In one study from Australia (Stockdale, et.al. Influence of pasture and concentrates in the diet of grazing dairy cows on the fatty acid composition of milk.  Journal of Dairy Science (2003) 70 267-276), the effect of daily pasture intake, where no concentrates were fed, on the concentration of CLA in milk fat showed that CLA content increased as pasture intake increased. At pasture intake of 1.5 kg DM/cow/100 kg live weight, there was 1.0 g CLA /100 g milk fat, while at a pasture intake of 4.5 kg DM/cow/100 kg live weight yielded 1.8 g CLA /100 g milk fat. The researchers found that, in general, the CLA concentration in the milk fat of grazing cows may be two to five times that of cows fed TMR.

            The cis -9- trans -11 form of CLA is the most common form that is present in milk and is an intermediate of biohydrogenation of linoleic acid by the rumen bacterium, Butyrivibrio fibrisolvens. Changes in the substrate supply (the different feeds taken in - such as different pasture species of grasses or alfalfa, different hays and concentrates) and the extent of biohydrogenation in the rumen affect the supply of intermediates and end-products of biohydrogenation, which will affect CLA concentration in ruminant products. Since bacteria change the cis - 11 of linoleic acid (C18:2) to the trans-11 of CLA in the rumen, concentrations depend on both the levels of linoleic acid in the feed and the retention time of feed in the rumen. As pasture intake increases, the retention time of feed in the rumen decreases. This may reduce the extent of biohydrogenation, which would result in higher concentrations of CLAs. In other words, complete biohydrogenation when linoleic acid remains in the rumen too long will decrease end product CLA content.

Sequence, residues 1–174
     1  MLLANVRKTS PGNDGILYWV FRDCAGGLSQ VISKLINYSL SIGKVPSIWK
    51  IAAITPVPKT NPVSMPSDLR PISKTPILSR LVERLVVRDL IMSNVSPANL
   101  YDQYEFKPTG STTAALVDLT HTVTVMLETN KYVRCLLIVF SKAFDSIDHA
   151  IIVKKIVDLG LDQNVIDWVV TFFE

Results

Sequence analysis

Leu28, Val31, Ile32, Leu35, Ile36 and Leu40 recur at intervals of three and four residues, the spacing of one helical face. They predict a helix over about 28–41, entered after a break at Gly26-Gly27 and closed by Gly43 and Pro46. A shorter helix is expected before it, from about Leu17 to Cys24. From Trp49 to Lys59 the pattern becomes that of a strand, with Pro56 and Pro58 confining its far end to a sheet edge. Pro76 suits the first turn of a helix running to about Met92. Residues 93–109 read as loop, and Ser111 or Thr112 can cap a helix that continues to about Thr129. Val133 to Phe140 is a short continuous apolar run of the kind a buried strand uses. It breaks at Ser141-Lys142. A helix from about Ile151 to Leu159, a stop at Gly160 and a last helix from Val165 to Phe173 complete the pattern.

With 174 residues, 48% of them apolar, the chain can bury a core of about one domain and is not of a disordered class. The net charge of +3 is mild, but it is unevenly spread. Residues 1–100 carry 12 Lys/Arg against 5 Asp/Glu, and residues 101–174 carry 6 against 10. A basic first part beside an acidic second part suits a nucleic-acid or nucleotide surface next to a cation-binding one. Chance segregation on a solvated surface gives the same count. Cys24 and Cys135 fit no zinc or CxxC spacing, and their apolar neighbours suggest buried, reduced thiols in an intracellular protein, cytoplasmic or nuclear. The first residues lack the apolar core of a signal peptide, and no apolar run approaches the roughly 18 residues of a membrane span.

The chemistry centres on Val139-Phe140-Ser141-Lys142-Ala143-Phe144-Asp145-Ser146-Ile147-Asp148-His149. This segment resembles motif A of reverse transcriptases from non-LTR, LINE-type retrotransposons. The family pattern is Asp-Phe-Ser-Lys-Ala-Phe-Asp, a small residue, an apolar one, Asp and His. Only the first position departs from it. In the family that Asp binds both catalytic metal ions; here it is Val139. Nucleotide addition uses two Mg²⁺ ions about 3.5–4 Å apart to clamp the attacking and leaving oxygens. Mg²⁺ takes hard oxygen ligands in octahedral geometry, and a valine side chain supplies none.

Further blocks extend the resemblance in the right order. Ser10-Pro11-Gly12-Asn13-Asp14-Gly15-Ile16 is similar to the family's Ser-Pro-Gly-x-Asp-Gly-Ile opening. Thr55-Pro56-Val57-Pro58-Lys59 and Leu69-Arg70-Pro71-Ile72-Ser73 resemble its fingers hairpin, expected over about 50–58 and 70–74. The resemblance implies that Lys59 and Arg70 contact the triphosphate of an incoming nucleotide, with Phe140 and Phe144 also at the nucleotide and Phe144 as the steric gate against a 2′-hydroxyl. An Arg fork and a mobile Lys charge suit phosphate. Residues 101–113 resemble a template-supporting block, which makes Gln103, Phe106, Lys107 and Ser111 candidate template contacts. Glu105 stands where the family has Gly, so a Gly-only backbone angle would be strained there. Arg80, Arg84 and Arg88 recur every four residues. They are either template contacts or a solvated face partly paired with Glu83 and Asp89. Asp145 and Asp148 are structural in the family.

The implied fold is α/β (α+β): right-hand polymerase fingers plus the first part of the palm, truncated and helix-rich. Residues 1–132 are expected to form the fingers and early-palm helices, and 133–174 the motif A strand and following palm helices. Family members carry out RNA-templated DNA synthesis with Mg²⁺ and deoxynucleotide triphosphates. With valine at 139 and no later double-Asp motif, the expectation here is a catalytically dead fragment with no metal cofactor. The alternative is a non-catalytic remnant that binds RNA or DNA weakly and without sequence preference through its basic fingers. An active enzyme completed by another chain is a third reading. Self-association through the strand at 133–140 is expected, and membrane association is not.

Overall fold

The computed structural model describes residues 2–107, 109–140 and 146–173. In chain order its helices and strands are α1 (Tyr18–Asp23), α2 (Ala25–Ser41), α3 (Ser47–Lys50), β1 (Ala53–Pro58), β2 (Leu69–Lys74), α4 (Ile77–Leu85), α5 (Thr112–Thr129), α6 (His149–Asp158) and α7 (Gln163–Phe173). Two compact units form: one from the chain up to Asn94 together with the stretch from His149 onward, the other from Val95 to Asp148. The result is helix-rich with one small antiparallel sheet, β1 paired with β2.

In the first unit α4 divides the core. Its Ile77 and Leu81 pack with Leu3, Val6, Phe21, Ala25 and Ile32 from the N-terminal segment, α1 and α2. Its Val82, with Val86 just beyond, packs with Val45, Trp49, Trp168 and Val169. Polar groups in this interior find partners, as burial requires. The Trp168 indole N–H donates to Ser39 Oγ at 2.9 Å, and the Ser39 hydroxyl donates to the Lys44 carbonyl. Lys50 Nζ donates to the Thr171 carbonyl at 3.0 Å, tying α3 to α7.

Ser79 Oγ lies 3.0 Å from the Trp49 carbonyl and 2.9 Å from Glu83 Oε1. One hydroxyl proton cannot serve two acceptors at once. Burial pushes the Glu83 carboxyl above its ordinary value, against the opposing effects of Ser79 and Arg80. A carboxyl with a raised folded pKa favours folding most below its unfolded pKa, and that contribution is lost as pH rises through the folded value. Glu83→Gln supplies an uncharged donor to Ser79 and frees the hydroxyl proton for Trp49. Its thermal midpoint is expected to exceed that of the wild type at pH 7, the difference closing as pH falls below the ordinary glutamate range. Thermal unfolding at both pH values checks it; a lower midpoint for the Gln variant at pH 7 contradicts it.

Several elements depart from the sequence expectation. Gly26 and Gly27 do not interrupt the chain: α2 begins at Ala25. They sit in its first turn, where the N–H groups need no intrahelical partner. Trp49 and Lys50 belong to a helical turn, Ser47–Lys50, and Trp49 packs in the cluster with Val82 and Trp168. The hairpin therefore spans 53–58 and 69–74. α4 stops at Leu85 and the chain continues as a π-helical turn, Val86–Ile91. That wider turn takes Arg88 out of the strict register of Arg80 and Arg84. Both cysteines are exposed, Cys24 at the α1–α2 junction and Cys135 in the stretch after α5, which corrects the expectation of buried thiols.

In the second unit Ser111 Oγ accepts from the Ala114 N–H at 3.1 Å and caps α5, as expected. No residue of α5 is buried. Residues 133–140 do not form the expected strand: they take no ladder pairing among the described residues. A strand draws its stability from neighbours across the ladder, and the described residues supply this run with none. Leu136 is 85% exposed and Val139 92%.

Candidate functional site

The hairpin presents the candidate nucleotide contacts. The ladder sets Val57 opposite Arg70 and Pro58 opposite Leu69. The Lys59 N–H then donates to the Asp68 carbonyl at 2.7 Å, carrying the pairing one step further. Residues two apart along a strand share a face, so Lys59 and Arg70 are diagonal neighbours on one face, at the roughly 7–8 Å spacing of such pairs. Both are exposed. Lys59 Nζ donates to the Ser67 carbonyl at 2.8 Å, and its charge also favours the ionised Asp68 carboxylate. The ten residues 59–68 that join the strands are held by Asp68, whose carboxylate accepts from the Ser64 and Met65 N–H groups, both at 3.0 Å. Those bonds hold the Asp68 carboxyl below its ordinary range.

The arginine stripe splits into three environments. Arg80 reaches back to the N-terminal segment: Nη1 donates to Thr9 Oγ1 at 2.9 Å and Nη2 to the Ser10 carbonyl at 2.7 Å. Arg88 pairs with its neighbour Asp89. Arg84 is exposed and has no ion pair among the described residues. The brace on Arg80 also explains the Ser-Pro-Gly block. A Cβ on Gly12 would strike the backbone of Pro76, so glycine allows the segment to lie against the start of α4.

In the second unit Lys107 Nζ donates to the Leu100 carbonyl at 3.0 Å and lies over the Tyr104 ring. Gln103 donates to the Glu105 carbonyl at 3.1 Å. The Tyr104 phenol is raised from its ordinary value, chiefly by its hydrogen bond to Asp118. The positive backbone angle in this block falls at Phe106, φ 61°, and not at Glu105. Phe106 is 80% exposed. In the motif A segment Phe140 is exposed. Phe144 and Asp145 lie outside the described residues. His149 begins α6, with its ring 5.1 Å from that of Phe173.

Stockdale sums up his study in this way: “The results suggest that feeding cows plenty of good quality pasture with minimal quantities of cereal grain-based concentrates will result in milk with the healthiest fatty acid profiles.”    Note the words “good quality” pasture and “minimal” quantities of grain based concentrates (not specified exactly how much) give milk with the healthiest fatty acids.  Basically this implies that grazing cows in normal body condition are healthiest and will yield the healthiest milk for consumers.

            So - is it wise to know what the quality and quantity of pasture your grazing cows are consuming? The answer should be self-evident.

            In regards to feeding cows for CLAs, I am in the planning stage of sponsoring a talk by Peter Moate, who is from Australia has been involved with grazing research “down under” for 20 years. He now works at New Bolton Center (the vet school) and is beginning PhD research in the fatty acid composition of milk. He is highly knowledgeable how to feed grazing cows and the resulting components of milk in cows fed this way. Arden Landis has offered to have the meeting at his farm. The date is not yet set, but probably will be in the third week of April (week of April 19th). I’ll send out a flyer shortly with details.




Arden Landis has for sale the mineral barrels with solar panel that will also spray animals with fly repellent (whatever kind) while out on pasture. It is called The Protector. Call him for at 717-529-0155 for more details.


Elam M. Fisher (801 N. Little Britain Rd, Quarryville, 17566) has 8 heifer calves for sale, all Holstein-Jersey mix between 6 months to 1 year old.


Aaron Zook (of Amos G. Zook) has a sprayer for rent. It has a 57 foot book and raises up 8 feet. Rent at $2/acre. Aaron Zook, Zooks Lane, Leola. 717-656-2469.

For Bovinity Health, information on functional alternatives to antibiotics see: